In the California case, the regulation is clearly facially neutral: it applies to religious institutions and non-religious institutions. And no one thinks that restrictions on in-person gatherings that are tied to the rates of covid in an area are intentionally designed to prohibit church gatherings.
But the various opinions are clear that that no longer is the end of the matter. The Chief Justice’s statement claimed he saw “no basis in this record for overrriding … the state public health framework” about “singing indoors.” But “[a]t the same time, the State’s present determination—that the maximum number of adherents who can safely worship … is zero … appears to reflect … insufficient appreciation or consideration of the interests at stake.
That’s not about whether the regulation treats non-religious and religious institutions the same. It is instead about the extent of the burden on the religious institution – and whether, in the Court’s eyes, that burden is too great in light of the state’s purpose. And it would provide religious institutions with an exemption from some facially neutral generally applicable regulations—those that courts deem too burdensome.
That used to be the test for determining whether laws or regulations violated the free exercise. But that hasn’t been the test since Justice Scalia’s 1990 opinion for the Court in Employment Division v. Smith. To be sure, some Justices on this Court have already called for the Court to revisit—and likely overturn—Smith. But the Court hasn’t pulled the trigger on that yet, except for (rather obviously) refusing to apply Smith in cases on its stay docket, like South Bay United Pentecostal.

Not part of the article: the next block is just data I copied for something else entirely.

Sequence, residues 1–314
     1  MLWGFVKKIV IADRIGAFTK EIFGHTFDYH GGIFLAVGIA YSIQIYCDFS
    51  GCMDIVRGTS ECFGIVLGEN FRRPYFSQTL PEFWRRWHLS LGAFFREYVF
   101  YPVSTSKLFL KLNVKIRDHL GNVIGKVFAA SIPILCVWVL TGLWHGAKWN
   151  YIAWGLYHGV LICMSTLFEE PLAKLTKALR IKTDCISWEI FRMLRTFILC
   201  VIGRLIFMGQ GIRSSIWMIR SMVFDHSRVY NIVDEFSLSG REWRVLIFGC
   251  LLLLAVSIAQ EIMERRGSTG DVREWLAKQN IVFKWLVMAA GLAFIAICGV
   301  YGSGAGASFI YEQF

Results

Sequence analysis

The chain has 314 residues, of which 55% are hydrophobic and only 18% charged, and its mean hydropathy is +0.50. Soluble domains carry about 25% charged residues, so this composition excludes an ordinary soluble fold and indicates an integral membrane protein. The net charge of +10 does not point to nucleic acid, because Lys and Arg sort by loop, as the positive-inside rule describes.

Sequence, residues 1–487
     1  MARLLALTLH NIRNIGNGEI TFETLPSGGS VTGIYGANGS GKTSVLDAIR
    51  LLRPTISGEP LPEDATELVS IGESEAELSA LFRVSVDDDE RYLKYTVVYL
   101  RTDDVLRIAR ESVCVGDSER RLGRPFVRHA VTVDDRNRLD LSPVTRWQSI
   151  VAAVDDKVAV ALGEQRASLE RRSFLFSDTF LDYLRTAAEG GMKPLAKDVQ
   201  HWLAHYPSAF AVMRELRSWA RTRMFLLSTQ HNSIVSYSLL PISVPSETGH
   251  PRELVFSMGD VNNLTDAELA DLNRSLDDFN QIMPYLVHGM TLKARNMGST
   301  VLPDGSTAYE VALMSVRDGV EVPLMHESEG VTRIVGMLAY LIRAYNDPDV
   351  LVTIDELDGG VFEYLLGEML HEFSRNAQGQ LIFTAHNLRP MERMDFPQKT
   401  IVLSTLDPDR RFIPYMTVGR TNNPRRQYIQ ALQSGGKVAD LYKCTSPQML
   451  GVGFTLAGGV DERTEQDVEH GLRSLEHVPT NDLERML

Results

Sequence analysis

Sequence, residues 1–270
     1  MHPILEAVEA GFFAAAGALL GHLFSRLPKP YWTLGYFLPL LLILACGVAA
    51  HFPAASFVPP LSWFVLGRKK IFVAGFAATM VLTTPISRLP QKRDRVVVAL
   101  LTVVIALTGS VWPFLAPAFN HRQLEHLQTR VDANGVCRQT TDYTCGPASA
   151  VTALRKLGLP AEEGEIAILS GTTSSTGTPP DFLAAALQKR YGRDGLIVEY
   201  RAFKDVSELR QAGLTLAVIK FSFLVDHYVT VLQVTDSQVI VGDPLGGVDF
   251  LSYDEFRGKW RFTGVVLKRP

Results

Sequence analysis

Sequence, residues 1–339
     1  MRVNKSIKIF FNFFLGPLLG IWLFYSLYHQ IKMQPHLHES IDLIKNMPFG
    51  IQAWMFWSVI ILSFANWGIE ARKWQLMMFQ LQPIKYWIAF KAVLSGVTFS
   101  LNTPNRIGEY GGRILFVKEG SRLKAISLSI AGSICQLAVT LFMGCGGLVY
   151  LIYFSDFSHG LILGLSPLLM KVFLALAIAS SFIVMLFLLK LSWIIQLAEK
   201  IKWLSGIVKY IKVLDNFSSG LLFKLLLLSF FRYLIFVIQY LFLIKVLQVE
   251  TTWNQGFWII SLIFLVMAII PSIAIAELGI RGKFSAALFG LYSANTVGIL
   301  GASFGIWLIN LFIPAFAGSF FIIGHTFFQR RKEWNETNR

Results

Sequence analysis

Justice Gorsuch’s separate opinion (joined by Justice Thomas and Justice Alito, and with which Justice Barrett and Justice Kavanaugh indicate that they agree, except for the conclusion), asserts that “California has openly imposed more stringent regulations on religious institutions than on many businesses.” But to reach that conclusion, he repeats the error from his separate writing in Roman Diocese: He equates religious services with (among other things) “retail operations” and “other businesses” that do not involve large groups of people congregating for extended periods of time. That is, in order to say that California treats religious institutions worse than other institutions, he compares religious institutions to institutions that aren’t all that similarly situated, such as a single stop convenience store, where someone could go in by themselves for a few minutes, or an office that conducts one-on-one visits. He doesn’t compare the restrictions on religious institutions to (say) restrictions on a political meeting or organizational board meeting, which would also involve large groups of persons gathering for extended periods of time.